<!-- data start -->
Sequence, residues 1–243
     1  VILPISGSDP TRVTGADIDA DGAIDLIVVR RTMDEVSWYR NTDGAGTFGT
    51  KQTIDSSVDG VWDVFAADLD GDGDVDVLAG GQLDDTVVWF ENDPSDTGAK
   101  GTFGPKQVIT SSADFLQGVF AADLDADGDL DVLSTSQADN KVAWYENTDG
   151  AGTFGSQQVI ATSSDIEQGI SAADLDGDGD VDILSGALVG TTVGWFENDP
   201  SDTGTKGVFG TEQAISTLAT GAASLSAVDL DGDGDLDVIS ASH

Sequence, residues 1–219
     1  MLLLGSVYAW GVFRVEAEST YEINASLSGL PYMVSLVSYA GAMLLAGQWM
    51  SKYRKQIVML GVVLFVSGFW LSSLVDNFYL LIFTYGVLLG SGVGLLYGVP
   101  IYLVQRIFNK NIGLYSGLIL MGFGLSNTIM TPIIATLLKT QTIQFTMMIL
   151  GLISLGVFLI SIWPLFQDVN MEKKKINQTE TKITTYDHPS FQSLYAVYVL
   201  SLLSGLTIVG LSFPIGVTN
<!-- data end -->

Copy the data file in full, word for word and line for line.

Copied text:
Sequence, residues 1–243
     1  VILPISGSDP TRVTGADIDA DGAIDLIVVR RTMDEVSWYR NTDGAGTFGT
    51  KQTIDSSVDG VWDVFAADLD GDGDVDVLAG GQLDDTVVWF ENDPSDTGAK
   101  GTFGPKQVIT SSADFLQGVF AADLDADGDL DVLSTSQADN KVAWYENTDG
   151  AGTFGSQQVI ATSSDIEQGI SAADLDGDGD VDILSGALVG TTVGWFENDP
   201  SDTGTKGVFG TEQAISTLAT GAASLSAVDL DGDGDLDVIS ASH

Sequence, residues 1–219
     1  MLLLGSVYAW GVFRVEAEST YEINASLSGL PYMVSLVSYA GAMLLAGQWM
    51  SKYRKQIVML GVVLFVSGFW LSSLVDNFYL LIFTYGVLLG SGVGLLYGVP
   101  IYLVQRIFNK NIGLYSGLIL MGFGLSNTIM TPIIATLLKT QTIQFTMMIL
   151  GLISLGVFLI SIWPLFQDVN MEKKKINQTE TKITTYDHPS FQSLYAVYVL
   201  SLLSGLTIVG LSFPIGVTN